Man Sentenced for his Role in Illegal Flipping Scheme

Allison Tussey —  September 14, 2011 — Leave a comment

Richard A. Maize, 53, Beverly Hills, California, a West Los Angeles mortgage banker, has been sentenced to 18 months in federal prison for his role in a massive mortgage fraud scam that caused more than $18.5 million in losses to banks, including his former employer.

Maize was sentenced by United States District Judge Dean D. Pregerson. In addition to the prison term, which Maize was ordered to begin serving on December 2, Judge Pregerson ordered Maize to pay $4 million in restitution, about $3.6 million of which has already been paid to victims Lehman Brothers Bank and RBC Mortgage Company.

Maize previously pleaded guilty to charges of conspiracy to commit bank fraud and loan fraud, three counts of bank fraud and one count of making a false statement on a federal tax return.

According to court documents, Maize and others charged in the case were involved in a wide-ranging and sophisticated conspiracy to defraud federally insured mortgage lenders out of tens of millions of dollars. As part of the scam, the conspirators obtained inflated mortgage loans on expensive homes in some of California’s most exclusive neighborhoods, including Beverly Hills, Bel Air, Holmby Hills and Malibu.

Maize, was a co-founder of Americorp Funding, a mortgage banking company with offices in West Los Angeles and Pasadena that originated, brokered, funded and sold mortgage loans. Maize was Americorp‘s top-producing mortgage banker, closing more than $192 million in loans in 2001 and more than $245 million in loans in 2002. Maize owned 45 percent of Americorp until about December 2000, when he and his partners sold Americorp to Prism Mortgage Company, which later changed its name to RBC Mortgage Company. At that time, Maize became the president of the Americorp division of a Prism/RBC subsidiary.

Other defendants charged in this case were previously sentenced, including:

Charles Elliott Fitzgerald, 50, Newbury Park, who was sentenced to 168 months in federal prison;

Mark Alan Abrams, 50, Long Beach, who was sentenced to 78 months;

Jamieson Matykowski, 37, Laguna Niguel, who was sentenced to 18 months;

Lila Rizk, 44, Rancho Santa Margarita, who was sentenced to 36 months; and

Kyle Grasso, 40, Santa Monica, who was sentenced to one year in prison.

In late 1999 or early 2000, Fitzgerald and Abrams started a mortgage brokering company called Desert Pacific Financial, Inc. The company sent mortgage loan applications to lenders for review and funding, and received commissions from those lenders when the loans closed. In late 2001, Fitzgerald and Abrams renamed the company Beverly Hills Estates Funding, Inc.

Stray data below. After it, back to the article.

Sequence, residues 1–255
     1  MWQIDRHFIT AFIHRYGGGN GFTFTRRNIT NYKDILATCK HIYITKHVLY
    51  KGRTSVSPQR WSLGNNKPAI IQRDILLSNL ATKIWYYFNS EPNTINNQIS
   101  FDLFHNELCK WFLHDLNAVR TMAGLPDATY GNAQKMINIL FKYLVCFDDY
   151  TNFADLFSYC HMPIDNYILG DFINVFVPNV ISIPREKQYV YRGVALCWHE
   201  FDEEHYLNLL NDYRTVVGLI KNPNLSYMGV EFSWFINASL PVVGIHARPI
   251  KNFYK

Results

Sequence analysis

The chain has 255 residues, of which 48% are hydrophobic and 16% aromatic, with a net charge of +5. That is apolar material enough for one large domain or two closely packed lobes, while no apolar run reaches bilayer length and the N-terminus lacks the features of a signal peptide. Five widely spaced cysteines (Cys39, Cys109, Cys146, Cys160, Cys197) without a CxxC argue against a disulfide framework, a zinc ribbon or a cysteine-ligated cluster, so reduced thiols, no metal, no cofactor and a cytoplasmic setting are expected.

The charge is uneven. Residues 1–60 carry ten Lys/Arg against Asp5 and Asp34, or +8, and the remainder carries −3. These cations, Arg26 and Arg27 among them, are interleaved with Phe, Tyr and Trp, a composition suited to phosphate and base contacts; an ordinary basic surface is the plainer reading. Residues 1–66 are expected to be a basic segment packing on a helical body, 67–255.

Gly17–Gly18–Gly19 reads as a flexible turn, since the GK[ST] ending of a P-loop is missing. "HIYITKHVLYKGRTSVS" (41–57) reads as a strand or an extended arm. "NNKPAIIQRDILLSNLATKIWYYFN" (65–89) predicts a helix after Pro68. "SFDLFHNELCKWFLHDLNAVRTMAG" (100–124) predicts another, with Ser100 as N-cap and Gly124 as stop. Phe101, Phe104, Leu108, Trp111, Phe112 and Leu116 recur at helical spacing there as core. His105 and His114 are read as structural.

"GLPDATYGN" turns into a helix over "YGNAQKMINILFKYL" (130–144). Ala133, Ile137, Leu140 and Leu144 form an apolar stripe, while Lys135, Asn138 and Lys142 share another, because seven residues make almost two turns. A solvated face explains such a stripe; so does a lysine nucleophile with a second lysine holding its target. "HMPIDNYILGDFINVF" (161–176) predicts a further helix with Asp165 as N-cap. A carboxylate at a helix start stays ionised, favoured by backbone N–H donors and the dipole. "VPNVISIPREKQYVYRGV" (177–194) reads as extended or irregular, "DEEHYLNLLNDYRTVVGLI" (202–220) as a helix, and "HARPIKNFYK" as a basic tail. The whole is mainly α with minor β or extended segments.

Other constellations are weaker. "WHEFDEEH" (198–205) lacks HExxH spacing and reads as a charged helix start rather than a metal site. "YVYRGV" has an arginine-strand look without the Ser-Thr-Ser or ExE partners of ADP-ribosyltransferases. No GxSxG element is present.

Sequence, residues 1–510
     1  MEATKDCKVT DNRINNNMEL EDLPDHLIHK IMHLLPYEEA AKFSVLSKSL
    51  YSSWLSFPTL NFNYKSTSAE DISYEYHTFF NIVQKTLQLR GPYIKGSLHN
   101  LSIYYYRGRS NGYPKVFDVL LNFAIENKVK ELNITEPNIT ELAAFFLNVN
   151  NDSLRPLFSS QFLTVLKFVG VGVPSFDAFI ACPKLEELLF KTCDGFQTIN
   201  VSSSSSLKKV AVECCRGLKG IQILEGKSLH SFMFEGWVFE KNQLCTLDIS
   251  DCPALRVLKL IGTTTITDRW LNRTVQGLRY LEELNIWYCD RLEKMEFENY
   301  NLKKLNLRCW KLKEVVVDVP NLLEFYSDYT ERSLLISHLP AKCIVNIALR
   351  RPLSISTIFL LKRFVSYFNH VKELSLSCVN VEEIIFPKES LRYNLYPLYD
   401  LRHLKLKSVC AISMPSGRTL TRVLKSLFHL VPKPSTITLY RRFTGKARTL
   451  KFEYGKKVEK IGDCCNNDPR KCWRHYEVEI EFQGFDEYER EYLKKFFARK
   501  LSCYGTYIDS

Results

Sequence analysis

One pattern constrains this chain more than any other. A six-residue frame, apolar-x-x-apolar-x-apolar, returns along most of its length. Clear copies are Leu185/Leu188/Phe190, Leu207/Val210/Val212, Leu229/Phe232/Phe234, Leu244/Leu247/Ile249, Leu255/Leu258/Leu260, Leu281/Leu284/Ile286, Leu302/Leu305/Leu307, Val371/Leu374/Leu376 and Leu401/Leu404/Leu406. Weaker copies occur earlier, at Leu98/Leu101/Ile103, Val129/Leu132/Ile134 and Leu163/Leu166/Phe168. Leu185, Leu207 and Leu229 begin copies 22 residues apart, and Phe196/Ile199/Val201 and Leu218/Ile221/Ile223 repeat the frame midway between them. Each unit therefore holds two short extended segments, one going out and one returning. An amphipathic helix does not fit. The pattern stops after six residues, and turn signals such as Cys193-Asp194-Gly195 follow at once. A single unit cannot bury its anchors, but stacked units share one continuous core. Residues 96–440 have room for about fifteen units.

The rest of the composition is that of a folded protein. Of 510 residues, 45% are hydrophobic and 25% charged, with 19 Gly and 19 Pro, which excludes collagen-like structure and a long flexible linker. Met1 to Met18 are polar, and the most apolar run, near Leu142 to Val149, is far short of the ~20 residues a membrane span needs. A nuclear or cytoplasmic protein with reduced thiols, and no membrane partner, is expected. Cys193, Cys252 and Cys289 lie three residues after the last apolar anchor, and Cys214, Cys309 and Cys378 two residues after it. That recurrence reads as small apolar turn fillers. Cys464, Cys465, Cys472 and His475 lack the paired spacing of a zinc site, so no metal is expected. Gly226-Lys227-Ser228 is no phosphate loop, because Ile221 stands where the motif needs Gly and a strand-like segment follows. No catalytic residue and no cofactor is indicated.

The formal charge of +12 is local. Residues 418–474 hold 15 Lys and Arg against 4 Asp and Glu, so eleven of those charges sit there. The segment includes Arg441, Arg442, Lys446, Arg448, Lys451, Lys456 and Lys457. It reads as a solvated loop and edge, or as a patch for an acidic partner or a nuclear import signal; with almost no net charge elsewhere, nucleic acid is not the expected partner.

Fitzgerald and Abrams purchased homes at their real market values and then re-sold the properties at double or triple the prices. Armed with inflated appraisals and other false documentation, the conspirators submitted false and inflated loan application packages. Abrams and his associates recruited “straw borrowers” to obtain loans for the inflated prices. The straw borrowers allowed the conspirators to use their names and credit to obtain mortgages as part of this “property-flipping” process. As president of Americorp, Maize had contacts and business relationships with the victim lenders, which he exploited to deceive the victim lenders into approving and funding the inflated loans. He also abused his position as president and defrauded his employer, Prism/RBC, by deceiving the company into funding the inflated loans.

The case against Maize details the purchase by Fitzgerald and Abrams of a Bel Air home for $735,000, which they flipped by selling to a straw borrower for $2.37 million. A bogus loan application package went to Lehman Brothers Bank, and the bank unwittingly funded a loan of more than $1.4 million on the property ““ nearly double the true $735,000 purchase price ““ almost all of which ended up in one of the in-house escrow companies controlled by Fitzgerald and Abrams. According to the Maize charges, Lehman Brothers Bank alone was deceived into funding about 40 such inflated loans from March 2000 through July 2002. These 40 loans were for more than $28 million over the true prices of the homes.

According to court documents, Maize received hundreds of thousands of dollars in kickbacks for his assistance in getting the loans approved. In 2001, he failed to report more than $175,000 of these kickbacks on his federal tax return.

The investigation in this case was conducted by the Federal Bureau of Investigation and IRS – Criminal Investigation.

Allison Tussey

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